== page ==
I’ve waited a long time for this
Posted on January 23rd, 2013
The historical period I fell in love with was the Age of Sail. Everyone else in my family had other historical periods staked out, but my father’s dominated. In the very few years we lived on the east coast, I went to Gettysburg alone 25 times.
Show of hands for everyone whose father made them walk the path of Pickett’s Charge so they’d know what their great-great-great grandfather did! Just me? You know how every Civil War battlefield has a million monuments for each individual regiment? We had to track them down for both sides (North and South, because ours was a house divided). Guys, there are a trillion insects on the east coast and they bite and sting. Also, I am allergic to mosquitoes. We hiked up Big Round Top in the summer. At Devil’s Den my siblings and I would get bored and pose like the staged corpses in the photographs. There used to be a really cheesy light presentation at Gettysburg, showing all the troop movements, and for a brief period of time I had parts of it memorized.
Anyway, back to Age of Sail. (And that’s it, really — I lose all interest in naval history when ships get metal hulls. My knowledge of the war in the Pacific is awful. I think I ask M when Midway was at least once a year, because I forget.) But the wooden hulls — how I love them. And I love admiralty law in all its crazy iterations, which is a shame because there’s almost no practice of it left in this town (and what there is has been dominated by one firm). I love reading prize cases. And I’m the only person I know who has an authentic, period cannon in her study (okay, it’s just a signal gun, but it looks like a cannon).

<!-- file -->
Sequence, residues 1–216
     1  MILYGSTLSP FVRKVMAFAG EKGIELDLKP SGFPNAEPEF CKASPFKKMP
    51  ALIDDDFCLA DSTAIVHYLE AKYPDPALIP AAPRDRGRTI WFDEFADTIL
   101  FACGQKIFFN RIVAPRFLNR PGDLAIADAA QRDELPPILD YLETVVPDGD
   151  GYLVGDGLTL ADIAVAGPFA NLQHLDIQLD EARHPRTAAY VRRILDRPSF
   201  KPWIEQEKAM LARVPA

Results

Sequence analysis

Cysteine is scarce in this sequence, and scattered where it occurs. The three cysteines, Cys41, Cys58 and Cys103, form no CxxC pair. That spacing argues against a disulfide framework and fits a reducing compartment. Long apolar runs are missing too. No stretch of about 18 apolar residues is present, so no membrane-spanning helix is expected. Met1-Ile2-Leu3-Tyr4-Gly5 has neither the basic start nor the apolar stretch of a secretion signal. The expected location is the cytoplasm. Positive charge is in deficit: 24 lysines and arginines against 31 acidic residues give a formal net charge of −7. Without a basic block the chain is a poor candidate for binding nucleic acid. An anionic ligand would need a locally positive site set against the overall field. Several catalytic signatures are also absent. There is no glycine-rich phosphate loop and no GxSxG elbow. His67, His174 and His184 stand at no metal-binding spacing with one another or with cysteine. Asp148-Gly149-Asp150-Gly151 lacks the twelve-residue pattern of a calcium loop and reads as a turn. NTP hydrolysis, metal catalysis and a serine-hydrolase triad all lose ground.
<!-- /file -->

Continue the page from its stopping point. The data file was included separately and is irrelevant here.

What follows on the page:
There were two things that made me a bit sad when I found out Pea was a girl. First, what if she didn’t want my Batman comic and memorabilia collection? Second, what if she didn’t like ships?! I know, how sexist, and here I am a girl and I’m into those things. But I worried.
I’m not worried any longer. She started yanking books off the shelf this afternoon and demanded that I explain everything in them. This did lead to some interesting conversations.
Pea: I don’t like the British.
Pea: They fought those arrow humans in the movie.
Me: ??? (She watched Master and Commander with me once and — this is surprising — wasn’t scared at all, but I’m not sure what that was about. I’m pretty sure M never showed her Last of the Mohicans.)
Pea: Did they have farmers’ markets on the ships?
Me: Um…no. You don’t really want to know about the food.
Pea: Why are there humans cutting other humans’ arms off?
Me: Well…if the arms are really hurt, and the body can’t heal them, the arm has to be taken off.
Pea: But they can put them back on.
Me: Um…no. Not back then.
Pea: (Buries head in chair cushion.) “I DON’T LIKE THE BRITISH!”